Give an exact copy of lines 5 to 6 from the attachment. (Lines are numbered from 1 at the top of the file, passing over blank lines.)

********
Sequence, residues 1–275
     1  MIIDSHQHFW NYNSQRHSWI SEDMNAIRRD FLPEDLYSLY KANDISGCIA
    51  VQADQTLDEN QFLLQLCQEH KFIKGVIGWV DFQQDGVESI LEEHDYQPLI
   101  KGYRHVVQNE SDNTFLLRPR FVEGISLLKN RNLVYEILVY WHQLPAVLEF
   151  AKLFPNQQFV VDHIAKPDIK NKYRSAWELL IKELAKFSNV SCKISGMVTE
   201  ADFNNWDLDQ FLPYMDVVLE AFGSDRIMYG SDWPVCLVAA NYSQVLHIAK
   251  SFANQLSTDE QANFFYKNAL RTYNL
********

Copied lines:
   151  AKLFPNQQFV VDHIAKPDIK NKYRSAWELL IKELAKFSNV SCKISGMVTE
   201  ADFNNWDLDQ FLPYMDVVLE AFGSDRIMYG SDWPVCLVAA NYSQVLHIAK